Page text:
In “The Rocking Horse Winner,” D. H. Lawrence seems to deliberately present a young mother of limited dimension, and one lacking in any maternal feeling. From the story’s beginning, Hester is revealed in a clinical way, which reflects the absence of warmth in her. She did marry for love, but there is the clear sense that this is a mistake she is destined to live with, as though she had been weak and ignored her better judgment. As Lawrence writes her, Hester is calculating. She is fully aware of her lack of natural feeling: “When her children were present, she always felt the center of her heart go hard” (Lawrence 100). She is determined, however, to never expose this. The neighbors see her as a devoted and caring mother but this is an act, and there is as well a sense that maintaining it is a perpetual struggle for the woman. From the beginning, then, the reader encounters a Hester who is simultaneously unhappy and unfeeling, a mother unable to love her children, and a woman facing a life of continual efforts to keep up appearances and live as comfortably as she can.

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This innate coldness of Hester then essentially places her as a part of Paul’s environment in the story. The house whispers that more money is always needed, and it is understood that this atmosphere’s source is Hester. In effect, she is the house and the core of Paul’s reality. Paul comprehends this in his way; as there is no love from her, he understands that money is the only way to reach her, so Hester’s character is consistently remote. She exists as the primary force, yet she is never overtly revealed as a whole human. Instead, Lawrence emphasizes how the lack of feeling in her so profoundly marks her child.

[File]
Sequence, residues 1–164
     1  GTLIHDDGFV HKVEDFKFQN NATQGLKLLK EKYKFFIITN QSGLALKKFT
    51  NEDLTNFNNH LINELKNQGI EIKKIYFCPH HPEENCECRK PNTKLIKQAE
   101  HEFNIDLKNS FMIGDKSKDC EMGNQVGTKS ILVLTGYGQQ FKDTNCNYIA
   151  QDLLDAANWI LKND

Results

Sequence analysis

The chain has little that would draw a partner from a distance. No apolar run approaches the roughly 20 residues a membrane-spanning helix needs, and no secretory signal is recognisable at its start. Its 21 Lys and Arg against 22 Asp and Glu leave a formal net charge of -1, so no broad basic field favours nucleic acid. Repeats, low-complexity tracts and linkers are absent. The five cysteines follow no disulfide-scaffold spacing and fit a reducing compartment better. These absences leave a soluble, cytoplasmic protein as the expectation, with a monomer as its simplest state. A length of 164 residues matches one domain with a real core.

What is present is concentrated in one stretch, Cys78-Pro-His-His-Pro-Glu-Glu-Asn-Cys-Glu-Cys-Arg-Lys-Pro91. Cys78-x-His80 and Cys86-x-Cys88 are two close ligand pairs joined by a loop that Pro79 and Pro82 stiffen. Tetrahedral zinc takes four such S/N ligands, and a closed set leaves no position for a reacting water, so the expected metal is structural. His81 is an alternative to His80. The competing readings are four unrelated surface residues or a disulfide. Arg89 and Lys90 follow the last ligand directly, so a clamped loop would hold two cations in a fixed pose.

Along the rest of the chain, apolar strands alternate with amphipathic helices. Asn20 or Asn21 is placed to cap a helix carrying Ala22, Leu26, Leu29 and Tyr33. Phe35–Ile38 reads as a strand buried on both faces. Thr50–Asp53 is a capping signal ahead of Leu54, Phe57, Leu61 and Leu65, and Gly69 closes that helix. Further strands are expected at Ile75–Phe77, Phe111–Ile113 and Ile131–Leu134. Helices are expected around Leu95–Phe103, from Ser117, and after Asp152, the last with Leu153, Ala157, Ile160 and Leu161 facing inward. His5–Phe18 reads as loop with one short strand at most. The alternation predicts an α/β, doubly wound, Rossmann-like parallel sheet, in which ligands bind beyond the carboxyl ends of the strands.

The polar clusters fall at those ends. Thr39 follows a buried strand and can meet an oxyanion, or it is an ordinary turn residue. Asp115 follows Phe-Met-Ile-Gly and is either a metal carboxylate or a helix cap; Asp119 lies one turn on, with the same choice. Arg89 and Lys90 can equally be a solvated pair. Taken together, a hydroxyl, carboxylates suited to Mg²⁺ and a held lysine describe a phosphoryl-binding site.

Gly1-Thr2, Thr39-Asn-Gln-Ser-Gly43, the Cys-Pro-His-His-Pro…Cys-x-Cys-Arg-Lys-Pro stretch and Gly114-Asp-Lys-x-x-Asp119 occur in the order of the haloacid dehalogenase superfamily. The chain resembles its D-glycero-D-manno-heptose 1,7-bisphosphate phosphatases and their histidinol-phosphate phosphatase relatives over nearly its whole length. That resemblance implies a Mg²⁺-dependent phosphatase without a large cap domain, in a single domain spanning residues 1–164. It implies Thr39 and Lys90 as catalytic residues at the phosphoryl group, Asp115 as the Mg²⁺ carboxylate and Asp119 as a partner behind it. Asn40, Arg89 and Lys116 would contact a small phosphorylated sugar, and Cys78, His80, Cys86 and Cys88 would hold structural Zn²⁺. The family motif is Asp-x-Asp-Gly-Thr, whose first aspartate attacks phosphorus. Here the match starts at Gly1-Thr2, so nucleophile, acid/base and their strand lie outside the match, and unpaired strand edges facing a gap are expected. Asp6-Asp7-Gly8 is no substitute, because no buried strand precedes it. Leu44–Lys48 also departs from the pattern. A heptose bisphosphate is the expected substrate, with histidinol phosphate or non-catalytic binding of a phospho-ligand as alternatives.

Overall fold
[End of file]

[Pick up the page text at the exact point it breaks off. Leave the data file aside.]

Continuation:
At the same time, however, Lawrence provides clues that expand on her nature, if in sad and subtle ways. For example, the reader gains an idea of Hester’s misery when she replies to Paul’s question about luck, and whether it is the same thing as money: “’No, Paul. Not quite. It’s what causes you to have money’” (101). She cannot relate to her child as a mother, but she can share with him elements of her being and thinking, as though she wants to prepare him for the hardships of life. More exactly, and in a distanced manner, she is as near as she can get to revealing what she perceives as her great misfortune, and the thing that has denied her happiness. It is not a “close” or warm moment, but it is revelatory and it adds needed dimension to Hester’s being.

This type of effort is expanded on later, and in much the same way. Hester reveals something of herself again to her son, but only by way of suggestion: “My family has been a gambling family, and you won’t know till you grow up how much damage it has done” (108). This indicates that she has spent a great deal of thought as to what is wrong with her, and that she has assigned blame. She is a victim, unable to be wholly human because of a legacy of greed and wastefulness. Even as she takes this view, however, there is still this limited reaching out to her son. She cannot be close; it is in fact as though she is speaking to him across a great distance, or as to someone not well known. Nonetheless, she has a message to give him and it is a warning. It may also be seen as something of an apology, because in the admission Hester is essentially letting Paul know that she is fully aware of the problems within herself and within their family.

It is interesting, then, that Paul’s gift of the money does not please her, and it is reasonable to speculate that Hester’s hard reaction to it indicates a deeper understanding of who and what she is. More exactly, she knows too profoundly how money is not the real issue; it is the endless needing of more, which she feels she has been raised to desire above all else. A thousand pounds, then, is not a gift but further evidence of an ugly reality. Her character is then realized, in that she is cursed with the knowledge of her severe limitations, even as she is powerless to change who she is.

  • Lawrence, D. H. “The Rocking Horse Winner.” Literature: Approaches to Fiction, Poetry, and Drama by Robert DiYanni